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Crossing the Age Divide: Cross-Age Collaboration Between Programs Serving Transition-Age Youth

  • Maryann Davis
  • Nancy Koroloff
  • Kathryn Sabella
  • Marianne Sarkis
Article

Abstract

Programs that serve transition-age youth with serious mental health conditions typically reside in either the child or the adult system. Good service provision calls for interactions among these programs. The objective of this research was to discover programmatic characteristics that facilitate or impede collaboration with programs serving dissimilar age groups, among programs that serve transition-age youth. To examine this “cross-age collaboration,” this research used social network analysis methods to generate homophily and heterophily scores in three communities that had received federal grants to improve services for this population. Heterophily scores (i.e., a measure of cross-age collaboration) in programs serving only transition-age youth were significantly higher than the heterophily scores of programs that served only adults or only children. Few other program markers or malleable program factors predicted heterophily. Programs that specialize in serving transition-age youth are a good resource for gaining knowledge of how to bridge adult and child programs.

Notes

Acknowledgements

This manuscript was developed under a grant with funding from the National Institute on Disability, Independent Living, and Rehabilitation Research and the Center for Mental Health Services of the Substance Abuse and Mental Health Services Administration (Grant H133B090018, to the first author, The Learning and Working During the Transition to Adulthood RRTC). We are grateful to John Coppola, Pnina Goldfarb, Bruce Kamradt, and DeDe Sieler for their help with this project and the programs and their respondents who participated in this research. The contents of this paper do not necessarily represent the policy of NIDILRR or SAMHSA and you should not assume endorsement by the Federal Government.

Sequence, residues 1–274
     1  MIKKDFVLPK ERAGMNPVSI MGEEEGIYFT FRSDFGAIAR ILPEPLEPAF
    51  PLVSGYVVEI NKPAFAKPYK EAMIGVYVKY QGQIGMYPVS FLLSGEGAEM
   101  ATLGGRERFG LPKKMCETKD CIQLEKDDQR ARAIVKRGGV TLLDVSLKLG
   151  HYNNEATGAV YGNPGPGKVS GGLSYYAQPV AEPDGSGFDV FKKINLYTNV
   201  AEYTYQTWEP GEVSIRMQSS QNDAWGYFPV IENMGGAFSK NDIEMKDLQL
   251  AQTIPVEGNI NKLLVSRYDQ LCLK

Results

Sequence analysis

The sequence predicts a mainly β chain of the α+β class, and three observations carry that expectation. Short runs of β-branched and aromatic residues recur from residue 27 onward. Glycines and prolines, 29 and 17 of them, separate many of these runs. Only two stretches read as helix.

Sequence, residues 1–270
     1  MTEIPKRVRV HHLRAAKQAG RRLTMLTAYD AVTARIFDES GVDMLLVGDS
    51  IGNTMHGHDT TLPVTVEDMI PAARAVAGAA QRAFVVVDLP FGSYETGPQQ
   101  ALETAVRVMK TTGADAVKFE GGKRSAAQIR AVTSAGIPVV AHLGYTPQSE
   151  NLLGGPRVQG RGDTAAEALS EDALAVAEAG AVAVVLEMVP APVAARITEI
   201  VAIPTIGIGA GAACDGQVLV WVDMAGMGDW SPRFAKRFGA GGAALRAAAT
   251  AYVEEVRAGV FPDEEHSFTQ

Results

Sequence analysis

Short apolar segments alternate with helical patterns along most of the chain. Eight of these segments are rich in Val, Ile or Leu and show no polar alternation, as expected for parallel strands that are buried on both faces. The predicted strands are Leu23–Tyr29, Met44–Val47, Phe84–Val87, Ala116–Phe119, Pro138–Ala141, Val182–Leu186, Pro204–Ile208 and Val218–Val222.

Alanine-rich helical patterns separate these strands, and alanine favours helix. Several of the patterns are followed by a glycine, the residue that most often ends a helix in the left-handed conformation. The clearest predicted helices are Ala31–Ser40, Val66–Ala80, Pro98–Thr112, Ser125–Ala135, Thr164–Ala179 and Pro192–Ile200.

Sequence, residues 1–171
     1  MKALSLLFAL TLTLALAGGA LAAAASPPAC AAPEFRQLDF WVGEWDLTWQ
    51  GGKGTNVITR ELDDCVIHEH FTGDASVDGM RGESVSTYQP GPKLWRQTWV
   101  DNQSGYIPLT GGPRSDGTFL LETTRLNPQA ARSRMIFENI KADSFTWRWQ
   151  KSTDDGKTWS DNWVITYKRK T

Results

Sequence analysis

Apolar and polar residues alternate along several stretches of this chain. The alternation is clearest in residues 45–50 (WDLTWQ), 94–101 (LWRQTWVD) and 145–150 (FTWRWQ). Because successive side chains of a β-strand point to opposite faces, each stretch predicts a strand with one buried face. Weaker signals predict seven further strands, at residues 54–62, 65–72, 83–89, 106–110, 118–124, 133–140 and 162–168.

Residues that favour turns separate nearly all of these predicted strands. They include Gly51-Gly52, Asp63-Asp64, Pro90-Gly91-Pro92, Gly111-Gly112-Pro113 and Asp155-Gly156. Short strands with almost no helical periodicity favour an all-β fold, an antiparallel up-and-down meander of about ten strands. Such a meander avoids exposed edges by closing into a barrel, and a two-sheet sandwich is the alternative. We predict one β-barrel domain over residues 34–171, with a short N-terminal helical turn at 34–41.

Compliance with Ethical Standards

Conflict of Interest

There are no conflicts of interest to report.

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Copyright information

© National Council for Behavioral Health 2018

Authors and Affiliations

  1. 1.Transitions to Adulthood Center for Research, Systems and Psychosocial Advances Research Center, Department of PsychiatryUniversity of Massachusetts Medical SchoolShrewsburyUSA
  2. 2.Regional Research Institute, School of Social WorkPortland State UniversityPortlandUSA
  3. 3.International Development and Social Change, Global and Community Health ProgramClark UniversityWorcesterUSA

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